The Buffs’ defense couldn’t hold the lead, though, as Stanford bounced right back with a 37-yard touchdown pass from Stenstrom to Brian Manning. After the extra point was botched, the Cardinal lead stood at 27-24.

From the midway point in the third quarter to early in the fourth, Colorado took control. Two touchdown runs, a one-yarder by Salaam followed by a four yarder by Stewart, gave Colorado a 37-27 lead with 12:41 to play (the second extra point attempt was missed, leaving the Buffs with a ten-point advantage).

After surrendering a 48-yard touchdown pass from Stenstrom to tight end Justin Armour, followed by a seven-yard touchdown pass from Stenstrom to Armour, one would have suspected Colorado would have been looking for that combination late. Instead, Stenstrom and Armour connected for a third time, this time from 38 yards out with 3:33 to play, to pull the Cardinal to within three at 37-34, setting up the last minute fireworks which left Colorado with its first loss of the 1993 season.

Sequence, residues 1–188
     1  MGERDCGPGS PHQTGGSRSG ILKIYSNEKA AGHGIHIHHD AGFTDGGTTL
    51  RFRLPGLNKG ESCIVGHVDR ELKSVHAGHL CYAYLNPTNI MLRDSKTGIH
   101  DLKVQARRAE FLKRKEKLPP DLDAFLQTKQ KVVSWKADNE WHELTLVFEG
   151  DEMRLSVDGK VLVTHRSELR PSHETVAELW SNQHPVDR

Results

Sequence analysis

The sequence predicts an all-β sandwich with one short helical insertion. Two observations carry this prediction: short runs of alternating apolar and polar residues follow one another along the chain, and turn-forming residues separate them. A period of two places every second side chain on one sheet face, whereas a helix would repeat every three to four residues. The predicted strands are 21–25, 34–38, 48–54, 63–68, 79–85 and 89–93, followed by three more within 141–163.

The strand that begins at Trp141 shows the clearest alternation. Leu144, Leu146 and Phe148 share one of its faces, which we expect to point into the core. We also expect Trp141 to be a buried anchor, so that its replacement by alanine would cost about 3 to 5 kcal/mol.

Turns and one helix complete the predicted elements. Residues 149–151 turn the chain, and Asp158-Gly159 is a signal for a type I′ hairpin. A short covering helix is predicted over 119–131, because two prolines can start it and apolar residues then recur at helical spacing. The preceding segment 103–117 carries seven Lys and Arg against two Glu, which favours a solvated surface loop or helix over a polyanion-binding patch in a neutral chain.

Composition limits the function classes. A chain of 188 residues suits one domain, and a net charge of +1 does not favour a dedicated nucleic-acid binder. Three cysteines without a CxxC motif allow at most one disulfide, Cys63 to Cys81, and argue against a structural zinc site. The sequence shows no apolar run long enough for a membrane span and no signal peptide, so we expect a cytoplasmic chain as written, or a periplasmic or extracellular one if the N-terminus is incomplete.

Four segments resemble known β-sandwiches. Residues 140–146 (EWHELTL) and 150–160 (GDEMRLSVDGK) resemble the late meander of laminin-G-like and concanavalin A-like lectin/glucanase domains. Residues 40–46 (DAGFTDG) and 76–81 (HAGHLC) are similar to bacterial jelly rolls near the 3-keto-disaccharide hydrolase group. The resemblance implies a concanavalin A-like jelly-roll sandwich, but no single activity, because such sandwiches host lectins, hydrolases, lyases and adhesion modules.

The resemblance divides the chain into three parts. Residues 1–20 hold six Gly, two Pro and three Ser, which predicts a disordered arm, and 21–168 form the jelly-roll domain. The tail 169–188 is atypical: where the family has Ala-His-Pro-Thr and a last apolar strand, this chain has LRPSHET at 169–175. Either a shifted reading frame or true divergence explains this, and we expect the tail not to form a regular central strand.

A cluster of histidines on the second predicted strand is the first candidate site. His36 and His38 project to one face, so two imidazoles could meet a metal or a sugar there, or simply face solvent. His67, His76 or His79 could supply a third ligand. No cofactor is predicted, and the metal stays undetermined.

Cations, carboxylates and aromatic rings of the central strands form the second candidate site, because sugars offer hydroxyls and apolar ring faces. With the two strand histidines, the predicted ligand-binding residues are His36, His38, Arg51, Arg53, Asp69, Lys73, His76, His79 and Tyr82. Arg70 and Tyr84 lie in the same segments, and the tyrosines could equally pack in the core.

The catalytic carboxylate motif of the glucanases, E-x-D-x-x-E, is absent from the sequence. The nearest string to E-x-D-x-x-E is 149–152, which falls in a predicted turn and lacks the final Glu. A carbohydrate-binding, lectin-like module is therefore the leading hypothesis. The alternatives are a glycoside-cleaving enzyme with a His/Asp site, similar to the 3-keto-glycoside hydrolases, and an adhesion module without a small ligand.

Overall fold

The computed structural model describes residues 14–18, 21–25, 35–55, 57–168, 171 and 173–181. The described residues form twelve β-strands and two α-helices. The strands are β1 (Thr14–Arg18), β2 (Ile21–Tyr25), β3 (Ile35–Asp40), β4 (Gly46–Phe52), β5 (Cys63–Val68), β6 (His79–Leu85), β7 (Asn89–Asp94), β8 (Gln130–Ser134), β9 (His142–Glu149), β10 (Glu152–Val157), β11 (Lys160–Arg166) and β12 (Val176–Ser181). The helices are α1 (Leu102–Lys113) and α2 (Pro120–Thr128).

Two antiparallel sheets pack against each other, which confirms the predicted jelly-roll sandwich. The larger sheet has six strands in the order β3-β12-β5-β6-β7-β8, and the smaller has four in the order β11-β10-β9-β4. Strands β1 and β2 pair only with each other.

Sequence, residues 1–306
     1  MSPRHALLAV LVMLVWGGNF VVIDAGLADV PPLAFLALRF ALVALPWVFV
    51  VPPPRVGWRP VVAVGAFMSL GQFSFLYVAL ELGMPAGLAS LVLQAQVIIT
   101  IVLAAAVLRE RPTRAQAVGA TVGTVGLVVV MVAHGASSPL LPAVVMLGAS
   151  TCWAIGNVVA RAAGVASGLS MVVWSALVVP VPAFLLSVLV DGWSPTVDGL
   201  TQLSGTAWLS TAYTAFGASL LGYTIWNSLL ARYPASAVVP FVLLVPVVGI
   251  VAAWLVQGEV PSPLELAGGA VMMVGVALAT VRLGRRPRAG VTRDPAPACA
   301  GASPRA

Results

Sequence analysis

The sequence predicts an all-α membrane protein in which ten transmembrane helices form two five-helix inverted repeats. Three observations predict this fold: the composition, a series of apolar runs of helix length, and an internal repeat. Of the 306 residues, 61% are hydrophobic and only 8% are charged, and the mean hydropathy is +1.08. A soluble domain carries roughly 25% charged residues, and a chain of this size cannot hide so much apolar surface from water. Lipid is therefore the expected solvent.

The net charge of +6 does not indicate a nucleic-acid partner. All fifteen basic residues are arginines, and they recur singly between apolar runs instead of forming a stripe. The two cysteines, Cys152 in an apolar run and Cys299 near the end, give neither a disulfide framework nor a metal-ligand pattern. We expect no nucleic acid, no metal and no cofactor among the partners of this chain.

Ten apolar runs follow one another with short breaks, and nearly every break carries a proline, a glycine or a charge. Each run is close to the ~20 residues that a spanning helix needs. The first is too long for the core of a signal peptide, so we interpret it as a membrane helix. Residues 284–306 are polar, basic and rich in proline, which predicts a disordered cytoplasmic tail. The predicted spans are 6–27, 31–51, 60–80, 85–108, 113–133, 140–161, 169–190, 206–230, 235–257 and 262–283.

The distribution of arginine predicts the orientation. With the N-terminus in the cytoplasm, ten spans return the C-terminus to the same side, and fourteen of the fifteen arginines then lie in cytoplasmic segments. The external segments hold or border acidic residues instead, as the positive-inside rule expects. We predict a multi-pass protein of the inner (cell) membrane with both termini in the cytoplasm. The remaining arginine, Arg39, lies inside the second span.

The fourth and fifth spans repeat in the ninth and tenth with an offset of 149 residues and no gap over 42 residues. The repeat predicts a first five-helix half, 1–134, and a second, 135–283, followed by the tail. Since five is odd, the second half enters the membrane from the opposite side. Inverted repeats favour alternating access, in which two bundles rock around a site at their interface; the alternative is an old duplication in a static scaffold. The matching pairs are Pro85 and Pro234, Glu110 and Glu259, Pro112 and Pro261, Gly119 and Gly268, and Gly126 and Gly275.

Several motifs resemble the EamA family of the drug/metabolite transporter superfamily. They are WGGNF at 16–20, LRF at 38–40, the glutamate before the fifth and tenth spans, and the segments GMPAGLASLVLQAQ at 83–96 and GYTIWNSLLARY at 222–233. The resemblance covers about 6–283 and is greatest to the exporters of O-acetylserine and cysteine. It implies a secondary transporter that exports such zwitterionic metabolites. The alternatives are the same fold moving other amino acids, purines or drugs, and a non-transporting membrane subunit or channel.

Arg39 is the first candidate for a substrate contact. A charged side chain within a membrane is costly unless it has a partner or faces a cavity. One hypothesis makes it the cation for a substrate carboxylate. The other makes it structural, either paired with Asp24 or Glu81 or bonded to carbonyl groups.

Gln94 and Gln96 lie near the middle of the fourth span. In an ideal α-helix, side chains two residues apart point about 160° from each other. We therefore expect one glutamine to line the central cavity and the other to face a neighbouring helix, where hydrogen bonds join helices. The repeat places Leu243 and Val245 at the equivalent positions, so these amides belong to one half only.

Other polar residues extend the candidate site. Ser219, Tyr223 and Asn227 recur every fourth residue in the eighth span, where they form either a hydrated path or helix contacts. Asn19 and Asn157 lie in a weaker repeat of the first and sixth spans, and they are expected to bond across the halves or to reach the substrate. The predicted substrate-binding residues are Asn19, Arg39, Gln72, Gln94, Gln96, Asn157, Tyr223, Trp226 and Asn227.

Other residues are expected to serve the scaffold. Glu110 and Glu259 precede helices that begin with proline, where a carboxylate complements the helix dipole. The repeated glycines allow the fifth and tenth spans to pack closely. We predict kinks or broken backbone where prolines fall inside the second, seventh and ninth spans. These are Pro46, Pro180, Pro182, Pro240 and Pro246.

The loss for the Buffs represented only the third in school history in which the Buffs had posted 35 points or more in a loss (the other two: a 58-35 loss to Air Force in 1968 and the 82-42 humiliation at the hands of Oklahoma Sooners in 1980). A team averaging over 500 yards in total offense and almost 40 points a contest figured to be 3-0, but had to settle for a 2-1 record.

Colorado, though, had little time to lick their wounds.

Third-ranked Miami was up next.

Saturday Night Live

Kickoff for the Stanford contest was 8:45 p.m. MST. For the second time in three weeks, Colorado was featured on ESPN. The good news was the continued national exposure, but the bad news was that much of the nation would not see the game. The late start, combined with the 78 total points scored, meant that the anxious moments at the end of the game were aired after 2:00 a.m. on the east coast.

All things considered, perhaps that was for the best.

With the loss, the Buffs fell to 13th in the polls, but may have fallen further had any of the pollsters actually watched the game.

For me, the game was a silent vigil in front of the television.

No calls to Brad were necessary, as I was able to watch the drama unfold before my eyes. Lee watched some of the game with me, but went downstairs to bed before halftime. With the game going on into the wee hours, I couldn’t make much noise for fear of waking Lee. So there I sat, in silence, as the ten-point lead became a four-point defeat.